• Clam-a-rama! Clam-a-rama!Throughout the 1800s, Kingston, along with Plymouth and Duxbury, provided clams to cod fisheries all along the Massachusetts coast. Clams were sold fresh for bait in the winter months, or steamed, salted and barreled for summer use. The region produced as much as 100,000 bushels a year. Around 1875, ... Continue Reading
  • Congratulations Graduates! Congratulations Graduates!Stop by the Library and take a look at this month’s exhibit, which highlights Kingston graduates and graduations from 1862 on. This photograph was donated by the daughter of one of the graduates pictured.  The inscription on the back reads “Vesta Porter. Mamma first girl on left, next to her ... Continue Reading
  • Three Letters Three LettersIn 1938 and 1939, the author Henry Beston wrote three letters to Kingston resident Mrs. Alexander Holmes. The two had met at a retreat on Star Island, N.H. Beston is perhaps best know for his 1928 work Outermost House: A Year of Life on the Great Beach of Cape Cod. ... Continue Reading
  • Why they called it Rocky Nook Why they called it Rocky NookThis picture postcard shows the view from Rocky Nook across Kingston Bay toward the Standish Monument in Duxbury. Oh, and lots of rocks. Continue Reading
  • Coconuts! Coconuts!Ah, the tropics! Here Henry M. Jones, author of Ships of Kingston standing at the far left, and four unidentified friends enjoy a refreshing treat under the palms.  The woman may be Henry’s wife Abby Bosworth Holmes Jones, though between the hat and the coconut, it’s difficult to tell. The ... Continue Reading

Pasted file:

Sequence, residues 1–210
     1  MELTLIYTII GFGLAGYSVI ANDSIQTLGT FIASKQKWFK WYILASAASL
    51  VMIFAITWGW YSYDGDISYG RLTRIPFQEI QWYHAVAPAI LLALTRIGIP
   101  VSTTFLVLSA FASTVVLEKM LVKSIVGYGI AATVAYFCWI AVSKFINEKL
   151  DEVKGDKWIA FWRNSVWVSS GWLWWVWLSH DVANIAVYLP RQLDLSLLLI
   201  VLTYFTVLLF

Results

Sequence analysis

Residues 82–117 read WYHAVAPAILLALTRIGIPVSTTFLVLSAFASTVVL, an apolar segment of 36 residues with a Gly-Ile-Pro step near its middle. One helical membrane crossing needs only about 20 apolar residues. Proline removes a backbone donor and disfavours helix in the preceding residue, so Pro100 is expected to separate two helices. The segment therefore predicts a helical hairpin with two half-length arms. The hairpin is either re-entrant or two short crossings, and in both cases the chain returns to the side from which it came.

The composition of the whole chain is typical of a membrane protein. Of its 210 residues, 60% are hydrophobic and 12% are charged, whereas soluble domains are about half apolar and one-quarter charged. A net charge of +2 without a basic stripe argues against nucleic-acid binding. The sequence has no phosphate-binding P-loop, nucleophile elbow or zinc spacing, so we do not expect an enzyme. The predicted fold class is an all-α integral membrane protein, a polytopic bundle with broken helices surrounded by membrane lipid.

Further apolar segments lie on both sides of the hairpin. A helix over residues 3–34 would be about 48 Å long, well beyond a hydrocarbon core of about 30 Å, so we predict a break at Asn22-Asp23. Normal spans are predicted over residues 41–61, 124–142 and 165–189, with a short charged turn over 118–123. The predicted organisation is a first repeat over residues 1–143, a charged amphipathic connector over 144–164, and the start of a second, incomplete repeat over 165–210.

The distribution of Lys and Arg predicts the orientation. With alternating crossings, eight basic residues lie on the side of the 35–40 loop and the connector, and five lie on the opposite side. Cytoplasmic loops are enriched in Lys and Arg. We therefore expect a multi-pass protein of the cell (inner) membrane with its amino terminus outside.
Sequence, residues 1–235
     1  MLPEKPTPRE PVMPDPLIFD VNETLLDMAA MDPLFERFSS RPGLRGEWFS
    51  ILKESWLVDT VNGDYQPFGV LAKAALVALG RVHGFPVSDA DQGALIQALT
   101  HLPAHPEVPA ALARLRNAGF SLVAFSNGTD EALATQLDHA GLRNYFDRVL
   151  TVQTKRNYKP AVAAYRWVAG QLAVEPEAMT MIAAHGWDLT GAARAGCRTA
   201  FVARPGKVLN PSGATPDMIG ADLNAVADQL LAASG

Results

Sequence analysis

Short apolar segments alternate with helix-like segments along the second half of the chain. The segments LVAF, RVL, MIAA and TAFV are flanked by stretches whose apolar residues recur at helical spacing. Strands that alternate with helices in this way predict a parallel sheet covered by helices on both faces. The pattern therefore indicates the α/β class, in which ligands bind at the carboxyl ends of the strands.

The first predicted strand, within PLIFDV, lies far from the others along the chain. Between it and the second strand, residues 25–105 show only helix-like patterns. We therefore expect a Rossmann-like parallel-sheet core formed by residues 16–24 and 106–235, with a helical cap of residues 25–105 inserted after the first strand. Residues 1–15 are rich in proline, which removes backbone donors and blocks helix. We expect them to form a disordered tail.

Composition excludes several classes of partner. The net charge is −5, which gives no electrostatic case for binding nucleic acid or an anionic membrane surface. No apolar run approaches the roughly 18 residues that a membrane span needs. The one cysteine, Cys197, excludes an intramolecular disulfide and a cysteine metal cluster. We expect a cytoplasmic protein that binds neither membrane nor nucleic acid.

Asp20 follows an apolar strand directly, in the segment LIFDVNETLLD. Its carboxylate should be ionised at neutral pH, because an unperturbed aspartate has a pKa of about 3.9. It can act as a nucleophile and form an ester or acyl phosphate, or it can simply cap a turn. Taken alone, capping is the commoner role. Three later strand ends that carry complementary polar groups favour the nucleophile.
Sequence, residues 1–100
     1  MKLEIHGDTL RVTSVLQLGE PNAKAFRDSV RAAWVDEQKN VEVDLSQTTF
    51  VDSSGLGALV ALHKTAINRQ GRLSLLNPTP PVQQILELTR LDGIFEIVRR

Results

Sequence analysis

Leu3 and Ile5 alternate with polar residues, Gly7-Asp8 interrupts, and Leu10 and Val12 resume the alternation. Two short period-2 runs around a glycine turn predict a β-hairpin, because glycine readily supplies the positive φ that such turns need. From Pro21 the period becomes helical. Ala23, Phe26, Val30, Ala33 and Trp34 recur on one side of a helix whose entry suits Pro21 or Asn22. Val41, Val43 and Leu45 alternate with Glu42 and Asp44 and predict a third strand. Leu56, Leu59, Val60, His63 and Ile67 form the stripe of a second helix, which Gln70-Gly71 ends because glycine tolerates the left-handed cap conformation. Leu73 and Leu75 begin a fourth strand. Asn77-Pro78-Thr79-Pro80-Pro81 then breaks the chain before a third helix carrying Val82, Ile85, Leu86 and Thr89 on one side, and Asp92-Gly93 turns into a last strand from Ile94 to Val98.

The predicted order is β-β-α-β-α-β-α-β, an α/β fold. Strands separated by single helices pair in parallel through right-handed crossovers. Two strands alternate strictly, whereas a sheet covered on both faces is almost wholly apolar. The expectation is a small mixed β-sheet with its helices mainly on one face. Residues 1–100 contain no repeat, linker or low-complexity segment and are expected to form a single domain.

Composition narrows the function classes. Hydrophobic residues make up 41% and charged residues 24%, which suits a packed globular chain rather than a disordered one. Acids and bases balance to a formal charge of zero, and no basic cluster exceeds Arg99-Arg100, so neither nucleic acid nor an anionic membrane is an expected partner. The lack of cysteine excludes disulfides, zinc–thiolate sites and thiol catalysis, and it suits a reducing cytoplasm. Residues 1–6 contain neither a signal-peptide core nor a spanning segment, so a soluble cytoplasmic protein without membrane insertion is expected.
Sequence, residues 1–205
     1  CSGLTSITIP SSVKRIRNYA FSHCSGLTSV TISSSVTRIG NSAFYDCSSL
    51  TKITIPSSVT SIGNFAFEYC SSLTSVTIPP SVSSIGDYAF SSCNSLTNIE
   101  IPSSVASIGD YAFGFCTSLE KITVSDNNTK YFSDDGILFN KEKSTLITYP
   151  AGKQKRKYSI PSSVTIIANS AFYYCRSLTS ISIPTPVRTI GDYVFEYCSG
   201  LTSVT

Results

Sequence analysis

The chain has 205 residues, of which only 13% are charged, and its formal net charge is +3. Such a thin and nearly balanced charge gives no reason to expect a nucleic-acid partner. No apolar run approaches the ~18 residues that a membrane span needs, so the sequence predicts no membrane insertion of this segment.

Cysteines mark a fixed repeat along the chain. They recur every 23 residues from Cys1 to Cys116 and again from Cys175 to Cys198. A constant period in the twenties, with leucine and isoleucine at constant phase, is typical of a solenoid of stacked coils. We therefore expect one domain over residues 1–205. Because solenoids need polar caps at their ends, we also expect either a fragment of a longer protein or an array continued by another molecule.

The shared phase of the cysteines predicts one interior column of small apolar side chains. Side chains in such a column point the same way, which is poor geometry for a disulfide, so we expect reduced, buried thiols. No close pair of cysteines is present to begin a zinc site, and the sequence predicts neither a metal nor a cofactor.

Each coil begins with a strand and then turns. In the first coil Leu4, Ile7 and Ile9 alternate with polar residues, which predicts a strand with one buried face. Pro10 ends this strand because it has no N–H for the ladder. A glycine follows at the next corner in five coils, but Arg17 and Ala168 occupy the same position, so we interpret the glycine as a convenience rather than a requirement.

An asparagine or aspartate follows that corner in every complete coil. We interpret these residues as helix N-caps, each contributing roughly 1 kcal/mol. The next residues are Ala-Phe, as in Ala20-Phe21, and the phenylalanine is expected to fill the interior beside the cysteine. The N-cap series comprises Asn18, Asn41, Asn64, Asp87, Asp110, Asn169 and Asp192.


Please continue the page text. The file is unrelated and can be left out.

• And a belated top o’ the morning to ye all And a belated top o' the morning to ye allFrom the always entertaining Joseph Finney Collection. A rosy-cheeked couple merrily skip along, both dressed in green.  She wears a large bonnet, a green empire-waisted gown and dainty black boots.  He sports  a traditional leprechaun outfit with a green jacket, bow tie and top hat, accessorized with a walking stick and ... Continue Reading
  • Taking Stock Taking StockA new exhibit is now in the display case.  “Taking Stock — Kingston Investments in the 19th Century” shows a century of local and national stock certificates and related business ephemera. One of the local items is particularly intriguing. Little can be found about this early corporation. The named individuals can be identified. ... Continue Reading
  • Now and then, then and now Now and then, then and nowAll the recent snow reminded me of this photograph taken from Green Street.  It dates after 1883, because the Soldier’s Monument is there, but before 1928, when the trolley stopped running. Once I found this one, I walked a little ways down Green Street to see if the view was the ... Continue Reading
  • Happy New Year! Happy New Year!A Very Happy New Year Another New Year’s day is due And so today I send to you A better wish than e’er before Because you see, I like you more Lovingly, Mary. Source: Joseph Finney Collection Continue Reading
  • Laddie – A Christmas Story Laddie - A Christmas StoryIn 1928, the first and second grade students in Elspeth Hardy’s class wrote a holiday story about a little dog named Laddie saving Christmas for his family. As Mrs. Hardy described the process, “The children worked collectively; one child started with an opening sentence, the others took the thought and ... Continue Reading
  • Happy Holidays! Happy Holidays!A beautiful batch of holiday mailers from the Loring Postcard Collection are now in the Local History exhibit case.  Stop by and take a look. Continue Reading